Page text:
The prevalence of gender discrimination is having a detrimental effect on the industry.  When asked why women leave construction, almost half (47%) blamed “male dominated culture” while 38% held the female role models in senior positions responsible.  A further 35% pointed the finger at a lack of flexible hours and another third (33%) said stress was the reason women left the industry.  30% blamed outright discrimination.

Why do women leave construction?

(%)

Male dominated culture

47%

Too few senior female role models 

38%

Lack of flexible hours

35%

Stress

33%

Long working hours

32%

High costs of childcare

32%

Discrimination

30%

Unconscious bias

25%

Poor maternity rights/pay

22%

Working away from home too often

19%

 

Change On The Horizon

There are signs things are changing.  Women over 65 were much more likely to report that sexual harassment had had a significant impact on their career (14%) than their younger colleagues (8%).

And the findings revealed 8% of men reported having been on the receiving end of inappropriate comments or behaviour from their female colleagues – suggesting this behaviour is not solely aimed at women.

Sarah Sidey, head of strategic accounts at Randstad Property, Construction & Engineering said: “There are some encouraging signs here.  Eighteen years ago, when I started recruiting for construction and property organisations, sexism was still pretty common within the industry. The moment a woman stepped on the site, it began; the analysis of her face, her body, her voice, her demeanour; the scrutiny of her skills, her accomplishments, and her ability. Until recently, one in five companies have no women in senior roles. Less overt sexism was also more frequent.  Back in the day, site gear didn’t fit women, for instance.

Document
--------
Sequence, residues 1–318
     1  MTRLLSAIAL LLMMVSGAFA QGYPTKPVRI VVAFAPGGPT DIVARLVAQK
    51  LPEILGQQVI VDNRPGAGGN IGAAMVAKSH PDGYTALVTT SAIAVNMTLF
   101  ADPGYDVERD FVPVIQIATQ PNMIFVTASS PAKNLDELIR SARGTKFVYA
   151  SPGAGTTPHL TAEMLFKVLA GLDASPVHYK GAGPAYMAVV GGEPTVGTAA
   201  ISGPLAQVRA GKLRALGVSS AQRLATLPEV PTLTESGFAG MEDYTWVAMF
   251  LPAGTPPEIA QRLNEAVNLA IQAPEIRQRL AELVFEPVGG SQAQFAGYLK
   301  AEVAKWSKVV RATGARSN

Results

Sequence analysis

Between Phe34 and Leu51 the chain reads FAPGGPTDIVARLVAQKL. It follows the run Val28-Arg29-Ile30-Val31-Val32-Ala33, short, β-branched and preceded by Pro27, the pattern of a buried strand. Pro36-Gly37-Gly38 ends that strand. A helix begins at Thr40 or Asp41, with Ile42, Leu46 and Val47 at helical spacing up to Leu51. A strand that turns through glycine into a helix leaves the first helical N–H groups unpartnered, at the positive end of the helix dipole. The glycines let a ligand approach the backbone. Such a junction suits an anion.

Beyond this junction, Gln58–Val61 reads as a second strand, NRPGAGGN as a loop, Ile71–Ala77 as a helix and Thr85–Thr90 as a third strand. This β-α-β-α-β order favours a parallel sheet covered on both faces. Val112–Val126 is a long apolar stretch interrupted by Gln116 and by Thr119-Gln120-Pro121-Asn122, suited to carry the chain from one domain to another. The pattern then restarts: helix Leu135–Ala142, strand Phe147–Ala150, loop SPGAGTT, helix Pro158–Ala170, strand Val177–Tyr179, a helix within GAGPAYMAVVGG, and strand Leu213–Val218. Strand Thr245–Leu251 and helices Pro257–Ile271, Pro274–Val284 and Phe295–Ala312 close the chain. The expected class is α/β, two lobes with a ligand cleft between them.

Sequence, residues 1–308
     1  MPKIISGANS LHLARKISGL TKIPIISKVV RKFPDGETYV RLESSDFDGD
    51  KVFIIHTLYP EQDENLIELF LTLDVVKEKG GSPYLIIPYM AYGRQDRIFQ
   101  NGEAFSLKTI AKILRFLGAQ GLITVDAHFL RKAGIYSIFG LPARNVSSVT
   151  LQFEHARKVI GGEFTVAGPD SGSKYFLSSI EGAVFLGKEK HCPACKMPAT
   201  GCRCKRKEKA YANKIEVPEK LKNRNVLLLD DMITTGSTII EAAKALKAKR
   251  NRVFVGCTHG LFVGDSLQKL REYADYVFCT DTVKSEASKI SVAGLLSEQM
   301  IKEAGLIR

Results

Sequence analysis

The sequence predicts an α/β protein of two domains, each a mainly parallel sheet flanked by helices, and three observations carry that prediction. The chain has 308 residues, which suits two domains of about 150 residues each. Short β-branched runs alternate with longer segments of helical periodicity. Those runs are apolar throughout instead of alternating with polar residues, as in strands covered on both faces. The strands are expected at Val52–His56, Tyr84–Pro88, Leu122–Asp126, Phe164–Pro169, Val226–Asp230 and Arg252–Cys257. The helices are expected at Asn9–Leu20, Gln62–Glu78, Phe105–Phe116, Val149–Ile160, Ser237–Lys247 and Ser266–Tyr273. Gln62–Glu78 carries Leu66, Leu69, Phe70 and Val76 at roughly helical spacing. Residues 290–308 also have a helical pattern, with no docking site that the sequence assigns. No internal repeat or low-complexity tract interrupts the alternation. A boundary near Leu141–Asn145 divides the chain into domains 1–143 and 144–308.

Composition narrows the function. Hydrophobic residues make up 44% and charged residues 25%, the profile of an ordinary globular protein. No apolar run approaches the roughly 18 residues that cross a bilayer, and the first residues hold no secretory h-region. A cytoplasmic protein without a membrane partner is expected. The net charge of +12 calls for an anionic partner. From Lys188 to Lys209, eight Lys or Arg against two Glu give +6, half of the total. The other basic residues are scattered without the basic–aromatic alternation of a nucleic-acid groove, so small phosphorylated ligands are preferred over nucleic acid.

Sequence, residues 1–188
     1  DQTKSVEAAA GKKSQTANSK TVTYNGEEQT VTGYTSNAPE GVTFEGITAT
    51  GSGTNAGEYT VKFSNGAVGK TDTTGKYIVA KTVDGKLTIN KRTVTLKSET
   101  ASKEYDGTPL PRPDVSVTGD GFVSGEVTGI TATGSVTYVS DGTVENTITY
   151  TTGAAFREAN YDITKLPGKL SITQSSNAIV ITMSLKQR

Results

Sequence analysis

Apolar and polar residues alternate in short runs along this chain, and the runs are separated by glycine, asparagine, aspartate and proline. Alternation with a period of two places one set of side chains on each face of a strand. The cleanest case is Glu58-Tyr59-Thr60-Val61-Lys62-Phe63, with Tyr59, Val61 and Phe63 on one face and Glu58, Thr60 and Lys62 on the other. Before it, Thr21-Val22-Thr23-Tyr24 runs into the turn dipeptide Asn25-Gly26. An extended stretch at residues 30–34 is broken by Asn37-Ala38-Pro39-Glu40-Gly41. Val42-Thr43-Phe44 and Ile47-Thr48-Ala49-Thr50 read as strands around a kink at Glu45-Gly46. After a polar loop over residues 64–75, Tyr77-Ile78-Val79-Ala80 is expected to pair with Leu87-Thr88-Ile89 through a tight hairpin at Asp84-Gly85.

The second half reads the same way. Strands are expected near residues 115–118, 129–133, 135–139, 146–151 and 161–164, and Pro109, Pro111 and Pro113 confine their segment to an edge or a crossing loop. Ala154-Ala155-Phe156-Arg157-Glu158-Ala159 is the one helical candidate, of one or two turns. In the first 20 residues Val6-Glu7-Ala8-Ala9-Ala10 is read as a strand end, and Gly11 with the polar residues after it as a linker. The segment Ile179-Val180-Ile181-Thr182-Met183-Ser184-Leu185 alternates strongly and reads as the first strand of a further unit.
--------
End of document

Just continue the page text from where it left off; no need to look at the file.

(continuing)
“It’s reassuring to see how our data supports the positive advances we are seeing in our industry even if this isn’t as quick as we would like!  The recent advances around the design of PPE to support our diverse workforce is a real achievement.  I am confident that over the next decade, we will start to see more women in senior roles.”

 

Initiatives & Solutions

Randstad also asked women what they thought would help women stay in the industry. Half (50%) said more flexible working hours with 42% suggesting better childcare options. A third (33%) said cultural change was needed.

How to persuade more women to stay in the industry?

(%)

Equal growth opportunities for men and women

52%

Flexible working hours

50%

Better childcare options

42%

Culture change

33%

Better maternity rights/pay

28%

More mentors

27%

More serious approach to management of sexual harassment claims

25%

Available career advice

21%

 

Owen Goodhead said:There are some concrete initiatives that the industry can adopt to stop the flood of women leaving the industry including more flexible working arrangements, and better childcare arrangements.  The worrying thing is that, 35% of the women we polled were unaware of any initiatives offered by their own company to try to stem the flow.